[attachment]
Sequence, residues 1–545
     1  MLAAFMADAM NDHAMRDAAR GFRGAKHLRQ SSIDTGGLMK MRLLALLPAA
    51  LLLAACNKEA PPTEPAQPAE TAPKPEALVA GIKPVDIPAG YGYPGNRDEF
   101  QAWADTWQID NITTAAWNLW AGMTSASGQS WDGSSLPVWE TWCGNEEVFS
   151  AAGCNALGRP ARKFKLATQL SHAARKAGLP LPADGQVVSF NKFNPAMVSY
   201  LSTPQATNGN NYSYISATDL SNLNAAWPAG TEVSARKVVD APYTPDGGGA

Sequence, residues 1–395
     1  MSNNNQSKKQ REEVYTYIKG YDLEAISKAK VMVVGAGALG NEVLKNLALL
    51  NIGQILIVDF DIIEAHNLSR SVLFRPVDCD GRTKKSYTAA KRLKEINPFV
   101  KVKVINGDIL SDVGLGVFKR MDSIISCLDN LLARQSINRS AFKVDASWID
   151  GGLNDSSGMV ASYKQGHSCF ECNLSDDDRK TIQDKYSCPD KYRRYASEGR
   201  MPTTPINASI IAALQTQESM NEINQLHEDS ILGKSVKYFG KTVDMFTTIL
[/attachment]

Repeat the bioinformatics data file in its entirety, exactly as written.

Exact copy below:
Sequence, residues 1–545
     1  MLAAFMADAM NDHAMRDAAR GFRGAKHLRQ SSIDTGGLMK MRLLALLPAA
    51  LLLAACNKEA PPTEPAQPAE TAPKPEALVA GIKPVDIPAG YGYPGNRDEF
   101  QAWADTWQID NITTAAWNLW AGMTSASGQS WDGSSLPVWE TWCGNEEVFS
   151  AAGCNALGRP ARKFKLATQL SHAARKAGLP LPADGQVVSF NKFNPAMVSY
   201  LSTPQATNGN NYSYISATDL SNLNAAWPAG TEVSARKVVD APYTPDGGGA

Sequence, residues 1–395
     1  MSNNNQSKKQ REEVYTYIKG YDLEAISKAK VMVVGAGALG NEVLKNLALL
    51  NIGQILIVDF DIIEAHNLSR SVLFRPVDCD GRTKKSYTAA KRLKEINPFV
   101  KVKVINGDIL SDVGLGVFKR MDSIISCLDN LLARQSINRS AFKVDASWID
   151  GGLNDSSGMV ASYKQGHSCF ECNLSDDDRK TIQDKYSCPD KYRRYASEGR
   201  MPTTPINASI IAALQTQESM NEINQLHEDS ILGKSVKYFG KTVDMFTTIL